MSU’s Sadler remembered as jokester, scholar, athlete


EAST LANSING, Mich. (WOOD) — Coaches, teachers, friends, teammates and family members gathered at Spartan Stadium Sunday afternoon to remember former Michigan State punter and West Michigan native Mike Sadler, who was killed a crash earlier this month.

“(Mike) would have been so proud, and so humbled to see all of you here … at Spartan Stadium, his second home,” Sadler’s mother, Karen Sadler, told the people assembled at the celebration of her son’s life. “As you know, Mike was no ordinary guy and this is no ordinary funeral. It’s extraordinary. … I thank you for being here to honor a man I’m so proud of.”

The event started with a Spartan Walk in honor of Sadler, his teammates all wearing T-shirts bearing his name and number and holding green balloons. As they walked, images of Sadler’s career and life flashed across the stadium’s video boards.

Sadler, 24, was killed July 23 in a car crash in Wisconsin. He was a graduate of Forest Hills Northern High School.

Speakers at Sunday’s event remembered him as hardworking and kind, but also for his famous sense of humor. MSU Athletics Director Mark Hollis called him a “unique friend” to say the least.

Sadler’s younger sister, Katie Sadler, recounted pranks he played while in high school:

“For example, imagine Michael Phelps on the entry platform of an Olympic pool, ready to set a new world record. He’s ready to lunge into the water wearing just his goggles and a Speedo. Well, now picture my brother Mike impersonating Phelps on career day in exactly the same attire — and I mean Speedo, goggles, swim cap and that’s it,” she said.

She told the story of a joke he played on her in high school, making her think she was late — but also said he joined her for lunch every day of her freshman year of college.

“(Mike) knew how to be funny without putting anyone down,” she said.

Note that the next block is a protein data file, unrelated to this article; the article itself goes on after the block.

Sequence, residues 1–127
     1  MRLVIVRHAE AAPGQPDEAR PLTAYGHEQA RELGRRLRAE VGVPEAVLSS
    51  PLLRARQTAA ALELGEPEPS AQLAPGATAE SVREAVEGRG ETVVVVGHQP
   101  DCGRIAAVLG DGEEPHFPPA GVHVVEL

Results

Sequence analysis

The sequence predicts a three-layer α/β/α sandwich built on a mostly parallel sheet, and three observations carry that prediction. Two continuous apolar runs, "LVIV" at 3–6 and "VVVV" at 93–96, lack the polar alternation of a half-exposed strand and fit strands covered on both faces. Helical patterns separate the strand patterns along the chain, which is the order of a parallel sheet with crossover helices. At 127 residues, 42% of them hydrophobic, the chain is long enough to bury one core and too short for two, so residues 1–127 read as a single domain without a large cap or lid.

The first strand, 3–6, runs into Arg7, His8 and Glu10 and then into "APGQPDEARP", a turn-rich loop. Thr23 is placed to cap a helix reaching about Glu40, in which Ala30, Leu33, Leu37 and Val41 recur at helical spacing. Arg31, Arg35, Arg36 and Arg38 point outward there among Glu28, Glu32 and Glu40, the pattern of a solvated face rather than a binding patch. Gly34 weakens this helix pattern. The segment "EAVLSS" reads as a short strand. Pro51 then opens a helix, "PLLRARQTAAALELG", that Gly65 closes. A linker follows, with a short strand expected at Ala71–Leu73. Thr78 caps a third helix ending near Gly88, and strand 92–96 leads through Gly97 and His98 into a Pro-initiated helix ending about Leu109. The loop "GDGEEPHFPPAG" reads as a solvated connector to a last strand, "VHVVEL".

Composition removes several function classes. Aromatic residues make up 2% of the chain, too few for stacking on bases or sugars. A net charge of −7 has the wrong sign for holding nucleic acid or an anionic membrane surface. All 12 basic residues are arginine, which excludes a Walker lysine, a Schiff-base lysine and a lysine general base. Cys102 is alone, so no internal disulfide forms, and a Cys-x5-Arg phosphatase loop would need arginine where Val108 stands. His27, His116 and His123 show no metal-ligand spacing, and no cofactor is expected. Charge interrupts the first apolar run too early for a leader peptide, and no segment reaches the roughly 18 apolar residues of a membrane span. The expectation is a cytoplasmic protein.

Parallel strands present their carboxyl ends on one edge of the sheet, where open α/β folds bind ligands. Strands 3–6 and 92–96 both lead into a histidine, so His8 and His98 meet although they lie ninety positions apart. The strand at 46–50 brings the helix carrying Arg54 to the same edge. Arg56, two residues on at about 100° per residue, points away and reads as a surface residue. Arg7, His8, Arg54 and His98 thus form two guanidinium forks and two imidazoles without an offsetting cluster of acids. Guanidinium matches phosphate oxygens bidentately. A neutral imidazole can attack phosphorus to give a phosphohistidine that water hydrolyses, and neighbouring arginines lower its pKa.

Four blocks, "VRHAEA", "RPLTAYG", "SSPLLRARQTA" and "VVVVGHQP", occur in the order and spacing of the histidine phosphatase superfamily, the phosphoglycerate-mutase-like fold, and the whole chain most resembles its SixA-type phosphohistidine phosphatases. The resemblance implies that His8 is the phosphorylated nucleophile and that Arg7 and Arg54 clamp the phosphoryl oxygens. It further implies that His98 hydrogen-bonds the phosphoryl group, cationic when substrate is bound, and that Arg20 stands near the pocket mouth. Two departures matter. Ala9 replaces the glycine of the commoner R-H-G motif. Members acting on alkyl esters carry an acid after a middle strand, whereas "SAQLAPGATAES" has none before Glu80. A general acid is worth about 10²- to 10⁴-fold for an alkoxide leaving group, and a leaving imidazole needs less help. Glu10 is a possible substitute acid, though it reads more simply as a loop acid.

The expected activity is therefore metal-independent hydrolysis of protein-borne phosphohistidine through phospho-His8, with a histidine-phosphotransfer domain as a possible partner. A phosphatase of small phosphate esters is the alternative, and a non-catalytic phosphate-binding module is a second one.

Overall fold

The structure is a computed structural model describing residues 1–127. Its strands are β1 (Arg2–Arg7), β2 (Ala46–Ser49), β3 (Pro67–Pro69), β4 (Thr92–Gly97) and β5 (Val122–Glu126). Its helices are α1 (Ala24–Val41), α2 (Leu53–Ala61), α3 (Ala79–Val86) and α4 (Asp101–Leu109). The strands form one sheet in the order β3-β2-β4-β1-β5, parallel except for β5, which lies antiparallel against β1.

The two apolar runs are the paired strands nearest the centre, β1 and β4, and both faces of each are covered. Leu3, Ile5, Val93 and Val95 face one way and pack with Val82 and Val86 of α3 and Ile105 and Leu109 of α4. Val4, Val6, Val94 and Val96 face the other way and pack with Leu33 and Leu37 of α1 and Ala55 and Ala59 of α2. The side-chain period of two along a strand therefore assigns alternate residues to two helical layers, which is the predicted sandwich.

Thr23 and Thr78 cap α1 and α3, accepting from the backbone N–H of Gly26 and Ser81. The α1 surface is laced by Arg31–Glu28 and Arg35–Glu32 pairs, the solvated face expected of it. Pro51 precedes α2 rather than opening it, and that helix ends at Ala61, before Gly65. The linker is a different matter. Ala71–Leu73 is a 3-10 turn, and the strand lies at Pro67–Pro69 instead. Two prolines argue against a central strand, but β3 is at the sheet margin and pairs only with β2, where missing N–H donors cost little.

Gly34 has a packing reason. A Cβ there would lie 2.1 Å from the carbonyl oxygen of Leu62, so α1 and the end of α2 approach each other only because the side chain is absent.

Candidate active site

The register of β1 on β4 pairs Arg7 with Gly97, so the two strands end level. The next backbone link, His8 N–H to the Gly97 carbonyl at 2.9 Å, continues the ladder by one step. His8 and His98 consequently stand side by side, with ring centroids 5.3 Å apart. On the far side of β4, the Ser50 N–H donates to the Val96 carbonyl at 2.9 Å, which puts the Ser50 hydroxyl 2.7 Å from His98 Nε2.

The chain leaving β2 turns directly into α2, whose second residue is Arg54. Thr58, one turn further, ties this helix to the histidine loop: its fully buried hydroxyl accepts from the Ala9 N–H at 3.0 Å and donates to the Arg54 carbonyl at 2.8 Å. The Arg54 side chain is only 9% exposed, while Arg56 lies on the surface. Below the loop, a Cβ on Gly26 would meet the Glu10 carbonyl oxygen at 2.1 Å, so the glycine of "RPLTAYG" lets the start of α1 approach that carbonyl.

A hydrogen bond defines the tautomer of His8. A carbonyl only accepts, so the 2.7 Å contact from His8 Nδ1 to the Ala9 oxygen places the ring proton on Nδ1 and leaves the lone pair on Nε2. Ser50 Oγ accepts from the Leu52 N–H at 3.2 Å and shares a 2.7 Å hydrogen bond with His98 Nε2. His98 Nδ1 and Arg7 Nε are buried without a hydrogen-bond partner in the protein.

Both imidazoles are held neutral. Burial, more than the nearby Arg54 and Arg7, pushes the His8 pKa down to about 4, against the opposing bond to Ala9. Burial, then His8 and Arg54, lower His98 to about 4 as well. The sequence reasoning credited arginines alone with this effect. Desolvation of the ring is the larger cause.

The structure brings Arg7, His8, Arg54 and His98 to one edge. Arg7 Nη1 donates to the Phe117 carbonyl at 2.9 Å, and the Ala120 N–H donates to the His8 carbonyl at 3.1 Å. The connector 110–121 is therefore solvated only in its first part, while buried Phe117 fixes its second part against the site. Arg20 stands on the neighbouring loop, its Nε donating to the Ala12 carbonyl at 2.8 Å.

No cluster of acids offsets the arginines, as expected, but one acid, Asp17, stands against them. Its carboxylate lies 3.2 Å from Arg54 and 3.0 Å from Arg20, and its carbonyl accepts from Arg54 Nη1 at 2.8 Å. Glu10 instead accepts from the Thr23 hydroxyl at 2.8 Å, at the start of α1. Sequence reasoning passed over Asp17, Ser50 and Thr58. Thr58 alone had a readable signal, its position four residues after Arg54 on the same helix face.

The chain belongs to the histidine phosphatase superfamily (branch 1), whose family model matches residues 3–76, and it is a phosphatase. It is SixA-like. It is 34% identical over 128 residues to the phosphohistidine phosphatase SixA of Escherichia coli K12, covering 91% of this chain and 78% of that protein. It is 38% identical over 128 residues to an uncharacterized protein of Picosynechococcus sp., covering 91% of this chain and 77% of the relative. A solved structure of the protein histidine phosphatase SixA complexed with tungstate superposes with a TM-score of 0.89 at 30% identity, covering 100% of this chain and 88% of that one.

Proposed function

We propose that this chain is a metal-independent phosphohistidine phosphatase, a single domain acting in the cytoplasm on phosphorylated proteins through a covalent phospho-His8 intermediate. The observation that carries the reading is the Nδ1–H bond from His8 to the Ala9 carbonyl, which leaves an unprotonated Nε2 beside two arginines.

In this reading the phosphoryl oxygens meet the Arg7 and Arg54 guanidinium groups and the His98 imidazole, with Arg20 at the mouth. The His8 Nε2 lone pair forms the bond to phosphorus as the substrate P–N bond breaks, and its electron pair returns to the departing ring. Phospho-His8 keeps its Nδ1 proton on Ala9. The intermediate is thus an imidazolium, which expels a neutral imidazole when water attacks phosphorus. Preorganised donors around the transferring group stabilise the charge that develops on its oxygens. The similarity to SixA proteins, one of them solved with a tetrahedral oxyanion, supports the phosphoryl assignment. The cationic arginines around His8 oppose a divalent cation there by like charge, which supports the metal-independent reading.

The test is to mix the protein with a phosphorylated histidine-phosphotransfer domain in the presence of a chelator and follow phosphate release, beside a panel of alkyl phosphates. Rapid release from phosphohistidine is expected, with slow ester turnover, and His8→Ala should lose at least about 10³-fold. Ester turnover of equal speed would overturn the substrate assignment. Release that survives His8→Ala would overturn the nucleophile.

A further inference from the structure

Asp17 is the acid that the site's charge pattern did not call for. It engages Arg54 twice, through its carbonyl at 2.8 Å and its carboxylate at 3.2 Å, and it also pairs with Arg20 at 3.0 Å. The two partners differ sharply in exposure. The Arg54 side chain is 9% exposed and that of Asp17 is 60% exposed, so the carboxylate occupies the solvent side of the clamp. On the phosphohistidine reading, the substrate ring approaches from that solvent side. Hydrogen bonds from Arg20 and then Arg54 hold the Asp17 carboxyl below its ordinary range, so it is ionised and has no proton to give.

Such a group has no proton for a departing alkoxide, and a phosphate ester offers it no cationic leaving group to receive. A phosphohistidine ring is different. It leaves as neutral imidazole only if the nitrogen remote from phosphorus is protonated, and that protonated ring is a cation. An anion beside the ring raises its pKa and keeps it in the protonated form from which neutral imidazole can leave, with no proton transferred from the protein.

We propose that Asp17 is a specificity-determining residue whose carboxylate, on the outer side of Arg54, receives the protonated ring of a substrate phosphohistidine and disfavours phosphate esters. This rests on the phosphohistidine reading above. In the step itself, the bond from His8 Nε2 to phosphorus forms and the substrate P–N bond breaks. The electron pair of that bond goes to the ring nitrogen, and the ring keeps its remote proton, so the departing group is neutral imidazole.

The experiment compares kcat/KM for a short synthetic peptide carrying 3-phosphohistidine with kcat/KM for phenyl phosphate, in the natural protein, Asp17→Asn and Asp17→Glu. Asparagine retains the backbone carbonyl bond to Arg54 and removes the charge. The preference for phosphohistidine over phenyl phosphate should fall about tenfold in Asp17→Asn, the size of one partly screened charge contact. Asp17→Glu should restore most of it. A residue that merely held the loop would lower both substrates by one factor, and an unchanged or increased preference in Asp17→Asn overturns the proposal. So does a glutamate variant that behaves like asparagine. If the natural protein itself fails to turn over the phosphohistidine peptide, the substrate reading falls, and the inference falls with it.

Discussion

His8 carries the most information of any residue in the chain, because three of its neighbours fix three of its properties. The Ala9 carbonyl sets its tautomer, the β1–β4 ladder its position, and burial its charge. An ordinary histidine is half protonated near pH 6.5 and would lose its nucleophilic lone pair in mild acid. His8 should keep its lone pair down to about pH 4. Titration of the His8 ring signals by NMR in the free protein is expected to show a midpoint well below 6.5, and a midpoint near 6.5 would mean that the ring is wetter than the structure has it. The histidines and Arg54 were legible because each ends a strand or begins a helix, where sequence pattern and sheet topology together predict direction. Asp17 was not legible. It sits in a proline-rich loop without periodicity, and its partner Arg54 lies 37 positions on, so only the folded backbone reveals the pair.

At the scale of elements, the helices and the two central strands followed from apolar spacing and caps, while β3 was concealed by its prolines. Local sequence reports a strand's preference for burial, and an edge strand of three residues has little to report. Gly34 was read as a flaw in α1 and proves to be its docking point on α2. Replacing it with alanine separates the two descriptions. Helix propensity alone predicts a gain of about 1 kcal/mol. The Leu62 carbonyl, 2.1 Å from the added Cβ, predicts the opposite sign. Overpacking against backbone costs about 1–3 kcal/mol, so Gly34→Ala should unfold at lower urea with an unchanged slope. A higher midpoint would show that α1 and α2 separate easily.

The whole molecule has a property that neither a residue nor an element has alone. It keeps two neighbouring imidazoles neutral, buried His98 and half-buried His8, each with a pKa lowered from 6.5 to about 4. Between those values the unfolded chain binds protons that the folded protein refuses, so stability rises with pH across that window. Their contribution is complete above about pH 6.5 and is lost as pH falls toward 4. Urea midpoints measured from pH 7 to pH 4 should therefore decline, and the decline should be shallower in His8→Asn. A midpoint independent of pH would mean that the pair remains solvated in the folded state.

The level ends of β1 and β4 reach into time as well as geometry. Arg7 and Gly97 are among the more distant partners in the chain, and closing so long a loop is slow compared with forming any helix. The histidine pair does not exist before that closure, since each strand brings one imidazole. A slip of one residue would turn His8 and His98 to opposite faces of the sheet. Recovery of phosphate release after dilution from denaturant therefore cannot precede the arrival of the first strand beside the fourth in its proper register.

“No one was ever offended by his jokes Everyone knew he meant well and just loved him,” said former Michigan State quarterback Connor Cook.

Beyond the jokes, Sadler was recalled as a man of integrity.

“If you can’t look yourself in the mirror and be proud, then what’s it worth?” Karen Sadler said her son believed.

She told a story of how her son stopped to sign an autograph for a little boy with only one leg even though he was expected on the team bus.

“He spent several minutes (talking with the boy). And normally, Mike would be afraid of getting to the bus late, but you know what, he took the time,” Karen Sadler said.

“He went into every conversation, every interaction with the intention to impact people,” said Travis Jackson, one of Sadler’s former teammates.

Sadler’s childhood soccer coach, who identified himself as Coach Rick, said Sadler “shined under pressure.” MSU head football coach Mark Dantonio said Sadler “was consistent as you can believe it. He was a competitor.”

Teammate Darqueze Dennard remembered Sadler’s intelligence, commenting on his competitive nature in the classroom as well as on the field. Sadler was a four-time Academic All-American at Michigan State and was headed to Stanford University in the fall to study law.

“His goal card was always completely filled out. He had a plan, and he wasn’t afraid to share his plan with people,” Dantonio said. “But he was very reflective in terms of what he was thinking about and how things were going for him. And then, basically how you were doing things a little bit, too. I was under the microscope as well when we sat down there a little bit.”

The Celebration of Life ended with video montage of Sadler both on and off the field set to Frank Sinatra’s “My Way.”

“No. 3 will last forever in our hearts,” Dantonio said. “It’ll never stop. Always be a special number here.”

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